Frankly my dear, I dont give...

April 18, 2019

.... a damn. This is one of the most famous lines in movie history as Rhett Butler expressed his displeasure with Scarlett O'Hara in the final scene of the movie. I remember my grandmother telling me it was the first cuss word ever used in a movie and that she was not permitted to view the over three hour movie as a result.  She shared with me that her teenage "wild side" led her to put on a friend's hat and sneak into the theater to see the movie.  

 

How far we have come as a culture to where the words being used are far less gratifying and often extremely offensive.  With social mediums, there appears to be an even larger use of profanity as the confrontations take place online and people are willing to use vulgarities without having to look someone in the eye. I have visited several public and private school practices where the music, the players and the coaches were using profanity.  I found this disheartening as it appears coaches have capitulated and ceded the ground of common decency to the cultural norms. 

 

It would appear much of this language is captured in what is labeled today as "trash talking". Sports are highly competitive and have been for thousands of years. Trash talking is prevalent throughout most competitive sports.  As a matter of fact, we can find many instances of trash talking in the bible and even by Jesus himself.  For example, in Mark 2:25, Jesus asks the Pharisees (I’m guessing rhetorically), “Have you never read what David did…” Maybe this isn’t super-obvious trash talking, but to imply that a Pharisee wasn’t familiar with every nook and cranny of David’s life would be pretty insulting.  Another example is David himself when he calls out to Goliath and says he is going to cut off his head.  That is a pretty bold statement given the circumstances.

 

So, what is different about trash talking in the bible from much of the discourse today?  The audience, the intent and the delivery are where we should focus.  When David is addressing Goliath it is on the field of battle, his audience are his allies and his enemy, he is not at the table negotiating peace.  Likewise, Jesus is addressing his adversaries, the men he knew were plotting to kill him and his message, and not some earnest biblical scholars seeking to learn. You must always keep in mind who you are confronting when using derogatory language.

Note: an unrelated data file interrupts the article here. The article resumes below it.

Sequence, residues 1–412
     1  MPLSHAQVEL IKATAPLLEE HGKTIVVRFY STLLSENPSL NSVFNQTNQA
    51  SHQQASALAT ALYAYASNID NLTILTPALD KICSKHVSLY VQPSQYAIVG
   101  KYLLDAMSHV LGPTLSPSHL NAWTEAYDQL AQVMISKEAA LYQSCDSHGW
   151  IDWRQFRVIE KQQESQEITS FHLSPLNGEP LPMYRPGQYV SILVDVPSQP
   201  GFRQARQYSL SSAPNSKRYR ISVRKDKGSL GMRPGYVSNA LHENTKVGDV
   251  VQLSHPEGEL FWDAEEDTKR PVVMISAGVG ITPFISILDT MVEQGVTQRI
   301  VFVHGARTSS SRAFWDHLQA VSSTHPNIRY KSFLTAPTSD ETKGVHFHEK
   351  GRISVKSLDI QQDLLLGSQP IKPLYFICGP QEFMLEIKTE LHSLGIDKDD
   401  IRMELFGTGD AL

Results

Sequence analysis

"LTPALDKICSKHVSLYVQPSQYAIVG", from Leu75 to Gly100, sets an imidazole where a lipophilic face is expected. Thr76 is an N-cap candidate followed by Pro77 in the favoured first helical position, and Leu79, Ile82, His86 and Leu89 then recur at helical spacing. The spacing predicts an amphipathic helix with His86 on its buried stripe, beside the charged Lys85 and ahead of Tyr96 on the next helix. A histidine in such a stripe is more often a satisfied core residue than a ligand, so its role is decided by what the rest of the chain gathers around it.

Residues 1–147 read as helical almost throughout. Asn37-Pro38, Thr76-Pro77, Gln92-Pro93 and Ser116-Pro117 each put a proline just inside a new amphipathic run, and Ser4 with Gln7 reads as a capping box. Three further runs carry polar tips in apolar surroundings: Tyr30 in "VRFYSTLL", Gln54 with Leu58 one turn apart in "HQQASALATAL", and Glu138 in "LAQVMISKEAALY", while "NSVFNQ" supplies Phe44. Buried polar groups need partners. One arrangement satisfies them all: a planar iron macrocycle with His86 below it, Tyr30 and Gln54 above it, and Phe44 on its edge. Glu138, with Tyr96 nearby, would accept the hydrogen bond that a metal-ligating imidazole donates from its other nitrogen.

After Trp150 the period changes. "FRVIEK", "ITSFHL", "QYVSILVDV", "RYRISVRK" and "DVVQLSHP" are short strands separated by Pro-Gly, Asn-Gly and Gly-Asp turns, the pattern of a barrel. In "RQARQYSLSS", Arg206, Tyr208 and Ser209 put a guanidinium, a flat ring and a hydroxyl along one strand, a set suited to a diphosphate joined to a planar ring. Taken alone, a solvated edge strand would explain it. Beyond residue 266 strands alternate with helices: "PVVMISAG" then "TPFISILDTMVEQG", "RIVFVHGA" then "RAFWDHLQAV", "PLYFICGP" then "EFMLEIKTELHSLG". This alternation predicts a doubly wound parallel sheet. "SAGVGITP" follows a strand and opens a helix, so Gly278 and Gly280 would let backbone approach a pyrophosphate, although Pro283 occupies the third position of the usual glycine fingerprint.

In both of these biblical examples, the intent of Jesus and David is to push the Lord's agenda.  David is serving notice that by cutting of the head of Goliath he will be exhibiting to all God is mightier than any human and can use a lowly shepherd to cripple a mighty army.  Jesus is serving notice to the Pharisees by letting them know he has come to right the many wrongs they have perpetuated through their laws and self aggrandizement.

 

Finally, notice the delivery did not require profanity from either man.  Each man simply spoke the truth as the Lord would have us all do when speaking to one another.  If the player across from you want to say something about your mother, then do not return a similar degrading insult.  Let your play do the speaking or simply let him know he will not be able to achieve his goals on the field/court of play today.  If your brother has decided to use profanity in practice let him know this is not necessary as it detracts from the team's mission to rise above opponents.  If you want to be a champion, then seek to rise above those around yourself and set a higher standard in all you do.  If you want to be a champion, then you must practice and play like a champion.

 

 

 

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